Chris' Fishing Trips
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Captain Tom Joseph 408 348-4866


February 28, 2015    Headlines

Winter Perch and Crabs


Todd Arcoleo of Chris’s Landing in Monterey reported continued fantastic sand dab, mackerel, and Dungeness crab action with 12 anglers on the Check Mate returning with heavy buckets of fish and 5 crab/apiece on Thursday 2-27. They have openings on Sunday, but Saturday’s trips are sold out.


Monterey Bay/Santa Cruz Report from Allen Bushnell of the Santa Cruz Sentinel”

Fishing in the greater Monterey Bay remained steady this week.  If not necessarily the most exciting, we at least are enjoying consistency.
Tops on the list are surfperch. Any of the beaches stretching from Santa Cruz down to Monterey can produce limits of barred surfperch on any given day. Fish move, and conditions such as tide, swell and water clarity can all affect the bite so the hot spot yesterday could be slow today.  Be prepared to move to a diffent location if your first number of casts are not productive. If you are dedicated, you can find the surfperch almost every day. Target the deeper pockets of water just behind the surfline, and especially any visible rips or side-shore currents for best results.
For boaters, sand dabs are most prolific this time of year.  Sure, they are small, rarely exceeding 16 inches but if you bring home 20 or 30 of the diminutive sole, it’s gourmet dinner time for the neighborhood. Sanddabs are famous as a high-priced delicacy being light, mild and scrumptious when prepared correctly. Dungeness crab are still on the crawl as well.  While fewer crab are caught this time of year, and they trend a bit smaller, they are firmly on most diners’ favorites list.  Chris’ Fishing Trips out of Monterey are concentrating on their hugely succesful Crab ‘n Dab combo trips for the time being, and posting big numbers weekly.  Last week saw the Check Mate bring home near-limits of Dungeness along with “buckets” of sanddab and mackerel for their weekend trips, and full limits (60) of crab on Wednesday’s go-out.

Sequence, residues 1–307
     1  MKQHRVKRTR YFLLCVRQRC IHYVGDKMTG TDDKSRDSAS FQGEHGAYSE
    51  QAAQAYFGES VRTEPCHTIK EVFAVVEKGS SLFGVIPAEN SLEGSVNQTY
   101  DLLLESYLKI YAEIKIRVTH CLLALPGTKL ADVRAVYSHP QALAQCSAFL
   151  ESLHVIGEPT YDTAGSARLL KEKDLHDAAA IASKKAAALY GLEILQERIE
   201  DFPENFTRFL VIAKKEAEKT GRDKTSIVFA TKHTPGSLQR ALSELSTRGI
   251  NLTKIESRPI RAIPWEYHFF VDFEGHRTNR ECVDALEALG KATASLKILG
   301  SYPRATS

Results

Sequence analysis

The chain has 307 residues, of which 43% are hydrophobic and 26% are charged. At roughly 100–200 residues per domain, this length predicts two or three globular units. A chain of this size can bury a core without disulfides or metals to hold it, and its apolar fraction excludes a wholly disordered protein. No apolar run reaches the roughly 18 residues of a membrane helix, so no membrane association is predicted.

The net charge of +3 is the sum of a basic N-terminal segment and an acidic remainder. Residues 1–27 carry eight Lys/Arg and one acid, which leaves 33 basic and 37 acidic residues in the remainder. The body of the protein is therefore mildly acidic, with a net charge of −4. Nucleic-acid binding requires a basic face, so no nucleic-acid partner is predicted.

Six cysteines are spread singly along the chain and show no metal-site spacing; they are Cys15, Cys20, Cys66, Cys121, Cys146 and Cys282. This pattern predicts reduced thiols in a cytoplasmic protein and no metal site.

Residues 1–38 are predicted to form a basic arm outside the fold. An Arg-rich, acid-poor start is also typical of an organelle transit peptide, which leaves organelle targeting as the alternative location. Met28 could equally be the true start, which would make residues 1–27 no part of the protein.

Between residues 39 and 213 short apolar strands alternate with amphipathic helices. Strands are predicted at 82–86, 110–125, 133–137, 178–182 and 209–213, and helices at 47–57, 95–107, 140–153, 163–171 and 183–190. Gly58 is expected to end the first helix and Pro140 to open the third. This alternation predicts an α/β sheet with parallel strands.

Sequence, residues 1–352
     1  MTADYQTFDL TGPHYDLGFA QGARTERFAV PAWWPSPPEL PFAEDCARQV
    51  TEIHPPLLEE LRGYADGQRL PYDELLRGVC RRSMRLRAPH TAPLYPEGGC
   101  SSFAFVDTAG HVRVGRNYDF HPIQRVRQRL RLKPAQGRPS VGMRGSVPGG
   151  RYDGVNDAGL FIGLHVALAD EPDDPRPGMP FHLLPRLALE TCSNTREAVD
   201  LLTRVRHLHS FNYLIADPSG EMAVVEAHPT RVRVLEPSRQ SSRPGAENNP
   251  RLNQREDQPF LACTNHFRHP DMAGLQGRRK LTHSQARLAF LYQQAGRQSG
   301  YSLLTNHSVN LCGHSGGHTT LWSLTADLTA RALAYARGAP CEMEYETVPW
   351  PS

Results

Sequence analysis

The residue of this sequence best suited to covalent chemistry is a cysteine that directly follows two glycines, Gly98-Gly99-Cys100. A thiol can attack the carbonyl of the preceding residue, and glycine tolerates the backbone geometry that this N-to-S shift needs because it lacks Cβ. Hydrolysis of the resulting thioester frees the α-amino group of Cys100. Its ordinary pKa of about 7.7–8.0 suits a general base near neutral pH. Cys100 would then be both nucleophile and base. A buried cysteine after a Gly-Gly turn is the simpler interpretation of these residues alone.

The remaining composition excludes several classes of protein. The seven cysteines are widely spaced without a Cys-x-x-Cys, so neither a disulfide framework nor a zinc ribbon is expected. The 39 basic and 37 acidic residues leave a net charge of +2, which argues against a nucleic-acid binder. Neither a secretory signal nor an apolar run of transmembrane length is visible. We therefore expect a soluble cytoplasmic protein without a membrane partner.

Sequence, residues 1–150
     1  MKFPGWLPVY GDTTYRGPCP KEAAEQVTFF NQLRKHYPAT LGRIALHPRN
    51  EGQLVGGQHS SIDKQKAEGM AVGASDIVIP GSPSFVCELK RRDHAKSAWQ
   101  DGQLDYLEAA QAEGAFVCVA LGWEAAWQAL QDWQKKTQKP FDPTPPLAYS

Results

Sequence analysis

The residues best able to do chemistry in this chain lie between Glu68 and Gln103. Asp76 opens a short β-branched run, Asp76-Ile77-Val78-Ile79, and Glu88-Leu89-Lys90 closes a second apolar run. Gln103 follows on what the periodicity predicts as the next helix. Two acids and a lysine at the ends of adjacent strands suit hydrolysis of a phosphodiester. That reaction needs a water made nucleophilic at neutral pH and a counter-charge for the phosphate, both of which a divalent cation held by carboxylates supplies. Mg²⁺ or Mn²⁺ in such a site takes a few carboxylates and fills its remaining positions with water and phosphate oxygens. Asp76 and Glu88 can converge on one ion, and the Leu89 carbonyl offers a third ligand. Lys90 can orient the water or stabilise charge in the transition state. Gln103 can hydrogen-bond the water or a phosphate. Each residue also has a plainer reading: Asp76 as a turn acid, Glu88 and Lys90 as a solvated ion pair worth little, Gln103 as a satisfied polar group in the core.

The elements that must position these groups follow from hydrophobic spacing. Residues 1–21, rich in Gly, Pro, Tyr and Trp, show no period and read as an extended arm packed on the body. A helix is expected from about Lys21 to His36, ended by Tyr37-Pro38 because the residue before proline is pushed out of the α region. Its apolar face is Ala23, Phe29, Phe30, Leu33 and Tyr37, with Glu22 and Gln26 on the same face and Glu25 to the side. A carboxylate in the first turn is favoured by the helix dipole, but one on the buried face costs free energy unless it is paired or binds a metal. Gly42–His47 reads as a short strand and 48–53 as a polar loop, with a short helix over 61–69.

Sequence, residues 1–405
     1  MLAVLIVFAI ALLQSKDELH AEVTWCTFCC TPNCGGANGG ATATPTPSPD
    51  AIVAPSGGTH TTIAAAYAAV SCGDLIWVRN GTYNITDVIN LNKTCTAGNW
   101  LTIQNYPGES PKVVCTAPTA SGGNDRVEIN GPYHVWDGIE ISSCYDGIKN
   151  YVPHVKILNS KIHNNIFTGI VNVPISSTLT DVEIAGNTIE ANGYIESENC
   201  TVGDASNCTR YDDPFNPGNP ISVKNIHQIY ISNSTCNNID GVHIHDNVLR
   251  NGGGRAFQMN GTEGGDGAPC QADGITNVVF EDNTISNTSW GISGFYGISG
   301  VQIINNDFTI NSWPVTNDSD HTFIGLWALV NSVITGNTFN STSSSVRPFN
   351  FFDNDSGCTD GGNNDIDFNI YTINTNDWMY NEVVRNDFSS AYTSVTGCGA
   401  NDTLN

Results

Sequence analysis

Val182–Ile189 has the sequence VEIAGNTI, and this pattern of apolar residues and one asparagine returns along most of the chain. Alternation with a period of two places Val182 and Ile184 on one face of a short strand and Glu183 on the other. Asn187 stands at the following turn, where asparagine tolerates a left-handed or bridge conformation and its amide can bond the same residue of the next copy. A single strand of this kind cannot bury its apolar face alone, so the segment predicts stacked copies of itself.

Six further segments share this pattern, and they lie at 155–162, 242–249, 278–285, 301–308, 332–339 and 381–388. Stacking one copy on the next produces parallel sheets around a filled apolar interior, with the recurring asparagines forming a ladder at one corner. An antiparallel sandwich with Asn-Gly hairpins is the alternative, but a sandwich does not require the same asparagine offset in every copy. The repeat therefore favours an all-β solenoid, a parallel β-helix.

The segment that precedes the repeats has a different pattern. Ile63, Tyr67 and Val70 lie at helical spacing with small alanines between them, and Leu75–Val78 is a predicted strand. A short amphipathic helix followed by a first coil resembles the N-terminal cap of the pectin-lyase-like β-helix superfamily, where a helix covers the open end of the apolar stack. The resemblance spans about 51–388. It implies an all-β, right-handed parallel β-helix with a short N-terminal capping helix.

Great news from the Pacific Fsheries Management Council was released this week regarding 2014 salmon escapement numbers in the Sacramento and Klamath River systems.  The PFMC reported “
about 212,000 adult salmon returned to spawn in the Sacramento River and its tributaries in 2014. About 10,000 adults returned to the San Joaquin, Mokelumne, Consumnes and other Central Valley rivers.” This exceeds the fishery management goal of 122,000 fish and all but guarantees another April salmon opener this year. The “jack count” of 2-year old fish was promising as well, more than 24% higher than last year’s numbers. PFMC projections estimate over 800,000 adult salmon are  in the ocean now prior to the 2015 season.
Todd Fraser at Bayside Marine reminds us that salmon season’s opening day will not be finalized until fisheries meetings in March are concluded. “
We hope to see Salmon open on April 4 and possibly a April Rock fish opener,”  Fraser said this week.
Sand Crab Classic Perch Derby entries can be obtained at Fraser’s Bayside Marine tackle shop at the Santa Cruz Harbor, and will remain available online for one more week at The annual tourney benefits the Monterey Bay Salmon and Trout project and is the largest surfcasting contest on the West Coast.
Send your photos, comments or questions to

Chris Arcoleo of Chris’s Landing in Monterey reported 11 limits of Dungeness crab, plenty of sand dabs, and loads of mackerel on Wednesday’s 2-18 trip on the Check Mate. They are heading back out again on the combination trips on Friday, Saturday, and Sunday.  


Monterey/Santa Cruz Report from Allen Bushnell of the Santa Cruz Sentinel: